Pembrolizumab Indications Expand to Include Cervical Cancer

June 13, 2018

Yesterday, the FDA announced that it has expanded the indications of pembrolizumab (Keytruda) to include recurrent or metastatic cervical cancer with disease progression on or after chemotherapy whose tumors express PD-L1.

Yesterday, the FDA announced that it has expanded the indications of pembrolizumab (Keytruda) to include recurrent or metastatic cervical cancer with disease progression on or after chemotherapy whose tumors express PD-L1.

This indication was approved by the FDA after pembrolizumab had previously been granted priority review based on tumor response rate and durability of response. In addition to cervical cancer, pembrolizumab’s indications include approval as a first-line treatment in patients with metastatic non—small cell lung cancer as well as unresectable or metastatic melanoma.

“Keytruda is now the first anti-PD-1 therapy approved for the treatment of advanced cervical cancer, providing an important new second-line option for certain patients with this disease,” said Roy Baynes, MD, senior vice president and head of global clinical development, chief medical officer, Merck Research Laboratories, in a prepared statement. “This approval also marks the first indication for Keytruda in a gynecologic cancer and reflects our ongoing commitment to bring forward innovative treatment options across a broad range of cancers, including cancers that disproportionately affect women.”

The approval was based on results from the KEYNOTE-158 trial, in which 98 patients with recurrent or metastatic cervical cancer were enrolled in a multicenter, nonrandomized, open-label, multicohort trial. Participants were treated with 200mg of pembrolizumab delivered intravenously every 3 weeks until they showed either unsafe levels of toxicity or documented disease progression. Patients without disease progression could be treated for up to 24 months, and a tumor status assessment was completed every 9 weeks for the first 12 months, and every 12 weeks thereafter.

Within the trial, 77 patients had tumors that expressed PD-L1 with a combined positive score of 1 or greater. The objective response rate was 14.3% (95% CI, 7.4%-24.1%), with a complete response rate of 2.6% and partial response rate of 11.7%. Among 11 patients who responded, median diagnostic odds ratio was not yet reached (ranged from 4.1-18.6+ months), and 91% of patients had a response duration of 6 months or longer.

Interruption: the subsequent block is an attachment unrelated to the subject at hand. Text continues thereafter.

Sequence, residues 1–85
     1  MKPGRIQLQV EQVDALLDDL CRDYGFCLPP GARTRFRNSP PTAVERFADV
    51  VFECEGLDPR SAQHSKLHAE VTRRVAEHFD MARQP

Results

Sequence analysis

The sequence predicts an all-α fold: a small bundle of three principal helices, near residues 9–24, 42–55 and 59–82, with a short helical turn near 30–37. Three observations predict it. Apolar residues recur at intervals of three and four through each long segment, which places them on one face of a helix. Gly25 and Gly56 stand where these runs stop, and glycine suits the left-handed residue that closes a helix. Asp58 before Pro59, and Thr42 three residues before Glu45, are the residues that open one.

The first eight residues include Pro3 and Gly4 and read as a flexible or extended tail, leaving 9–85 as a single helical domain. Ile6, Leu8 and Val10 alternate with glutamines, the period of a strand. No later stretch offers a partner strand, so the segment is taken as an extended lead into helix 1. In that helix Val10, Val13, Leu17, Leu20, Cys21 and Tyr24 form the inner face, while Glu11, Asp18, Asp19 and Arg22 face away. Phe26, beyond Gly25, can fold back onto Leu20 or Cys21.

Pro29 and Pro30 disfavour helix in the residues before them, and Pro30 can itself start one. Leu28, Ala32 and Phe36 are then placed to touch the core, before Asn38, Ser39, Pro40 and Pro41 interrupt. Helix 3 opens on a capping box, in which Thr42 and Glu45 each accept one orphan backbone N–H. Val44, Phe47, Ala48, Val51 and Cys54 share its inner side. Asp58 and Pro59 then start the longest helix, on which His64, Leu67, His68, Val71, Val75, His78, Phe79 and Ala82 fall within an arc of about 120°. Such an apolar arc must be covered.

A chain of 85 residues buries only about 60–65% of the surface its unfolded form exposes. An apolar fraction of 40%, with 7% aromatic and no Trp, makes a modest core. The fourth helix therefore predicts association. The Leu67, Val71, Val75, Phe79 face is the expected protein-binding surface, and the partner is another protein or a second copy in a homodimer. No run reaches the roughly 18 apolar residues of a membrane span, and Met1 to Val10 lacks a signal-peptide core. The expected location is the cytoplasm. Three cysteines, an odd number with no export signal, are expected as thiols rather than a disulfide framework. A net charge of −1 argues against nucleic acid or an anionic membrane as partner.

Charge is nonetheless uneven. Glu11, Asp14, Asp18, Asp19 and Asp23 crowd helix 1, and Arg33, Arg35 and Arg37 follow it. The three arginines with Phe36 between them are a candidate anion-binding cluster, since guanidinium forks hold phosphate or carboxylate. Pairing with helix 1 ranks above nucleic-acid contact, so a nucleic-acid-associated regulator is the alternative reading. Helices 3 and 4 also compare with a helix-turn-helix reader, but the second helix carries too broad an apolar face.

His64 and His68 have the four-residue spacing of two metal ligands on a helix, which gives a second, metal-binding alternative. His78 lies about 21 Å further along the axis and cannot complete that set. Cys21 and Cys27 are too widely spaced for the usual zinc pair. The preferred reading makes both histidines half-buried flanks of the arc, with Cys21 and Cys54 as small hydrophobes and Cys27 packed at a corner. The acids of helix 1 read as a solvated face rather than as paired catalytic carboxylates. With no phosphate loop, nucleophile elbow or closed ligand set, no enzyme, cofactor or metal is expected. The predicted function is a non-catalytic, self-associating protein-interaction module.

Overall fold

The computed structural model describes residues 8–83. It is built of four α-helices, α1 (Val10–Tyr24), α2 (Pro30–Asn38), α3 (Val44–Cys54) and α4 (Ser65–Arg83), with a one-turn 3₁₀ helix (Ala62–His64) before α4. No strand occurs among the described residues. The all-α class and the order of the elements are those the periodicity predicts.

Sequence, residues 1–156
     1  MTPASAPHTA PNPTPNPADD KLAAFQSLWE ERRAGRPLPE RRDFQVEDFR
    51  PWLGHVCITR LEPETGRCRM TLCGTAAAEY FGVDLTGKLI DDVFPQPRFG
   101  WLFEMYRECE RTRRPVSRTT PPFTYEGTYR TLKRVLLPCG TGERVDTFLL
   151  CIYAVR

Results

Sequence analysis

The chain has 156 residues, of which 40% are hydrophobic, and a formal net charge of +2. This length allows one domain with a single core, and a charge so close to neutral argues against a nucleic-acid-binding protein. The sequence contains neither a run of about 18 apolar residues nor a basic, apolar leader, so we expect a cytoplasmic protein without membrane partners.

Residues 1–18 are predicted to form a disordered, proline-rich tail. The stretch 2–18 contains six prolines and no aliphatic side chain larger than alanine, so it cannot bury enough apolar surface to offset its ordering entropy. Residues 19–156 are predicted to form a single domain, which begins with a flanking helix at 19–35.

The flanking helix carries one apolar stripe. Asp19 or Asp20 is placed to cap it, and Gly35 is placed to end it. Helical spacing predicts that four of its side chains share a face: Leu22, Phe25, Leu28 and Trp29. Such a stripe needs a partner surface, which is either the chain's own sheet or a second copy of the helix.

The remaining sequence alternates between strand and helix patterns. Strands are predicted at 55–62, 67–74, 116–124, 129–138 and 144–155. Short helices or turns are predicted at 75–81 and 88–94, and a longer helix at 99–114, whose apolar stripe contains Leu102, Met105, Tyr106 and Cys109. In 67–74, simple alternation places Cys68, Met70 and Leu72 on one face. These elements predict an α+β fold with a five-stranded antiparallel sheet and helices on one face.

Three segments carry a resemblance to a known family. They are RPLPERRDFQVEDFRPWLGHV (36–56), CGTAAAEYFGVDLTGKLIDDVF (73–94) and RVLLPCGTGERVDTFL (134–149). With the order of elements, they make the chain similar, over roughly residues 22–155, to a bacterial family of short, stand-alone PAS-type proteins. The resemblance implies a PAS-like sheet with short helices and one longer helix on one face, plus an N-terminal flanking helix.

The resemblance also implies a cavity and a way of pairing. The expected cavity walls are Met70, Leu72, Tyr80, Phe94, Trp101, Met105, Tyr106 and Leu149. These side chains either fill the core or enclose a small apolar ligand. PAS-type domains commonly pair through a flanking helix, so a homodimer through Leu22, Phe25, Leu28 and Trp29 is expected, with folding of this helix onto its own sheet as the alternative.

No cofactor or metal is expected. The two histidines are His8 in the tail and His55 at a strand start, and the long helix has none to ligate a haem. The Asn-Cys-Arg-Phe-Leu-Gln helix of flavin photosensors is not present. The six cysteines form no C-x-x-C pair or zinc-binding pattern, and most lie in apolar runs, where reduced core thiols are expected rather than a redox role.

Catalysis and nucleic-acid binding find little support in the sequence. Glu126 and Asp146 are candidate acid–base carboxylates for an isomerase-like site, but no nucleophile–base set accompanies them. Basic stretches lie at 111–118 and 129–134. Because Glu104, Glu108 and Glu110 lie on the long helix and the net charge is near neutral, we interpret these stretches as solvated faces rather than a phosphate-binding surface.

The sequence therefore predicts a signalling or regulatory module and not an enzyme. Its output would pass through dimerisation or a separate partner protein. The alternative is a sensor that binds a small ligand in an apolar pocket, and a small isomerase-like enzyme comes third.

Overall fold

Overall, the most common adverse events reported that occurred in at least 20% of patients were fatigue, musculoskeletal pain, diarrhea, pain and abdominal pain, and decreased appetite. In addition, 8% of patients had to discontinue treatment due to adverse events. Serious adverse events occurred in 39% of patients, the most serious of which were anemia, fistula, hemorrhage, and infections.

“Even with the many advances observed across gynecologic cancers, new treatment options have been lacking for previously treated patients with advanced cervical cancer. The approval of Keytruda in this indication is important news—and as an oncologist, it is exciting to see a much-needed option made available to these patients,” said Bradley Monk, MD, oncologist at Arizona Oncology, medical director of US Oncology Research Gynecology Program, in a statement.

Today, the FDA announced that it has granted pembrolizumab accelerated approval for the treatment of adult and pediatric patients with refractory primary mediastinal large B-cell lymphoma (PMBCL), or for patients who have relapsed after 2 or more lines of prior therapy. The approval was based on data from 53 patients with relapsed or refractory PMBCL that participated in KEYNOTE-170, a multicenter open-label single-arm trial. Additionally, pembrolizumab received orphan product designation and breakthrough therapy designation for this indication; however, "continued approval for this indication may be contingent upon verification and description of clinical benefit in confirmatory trials," according to a statement from the FDA.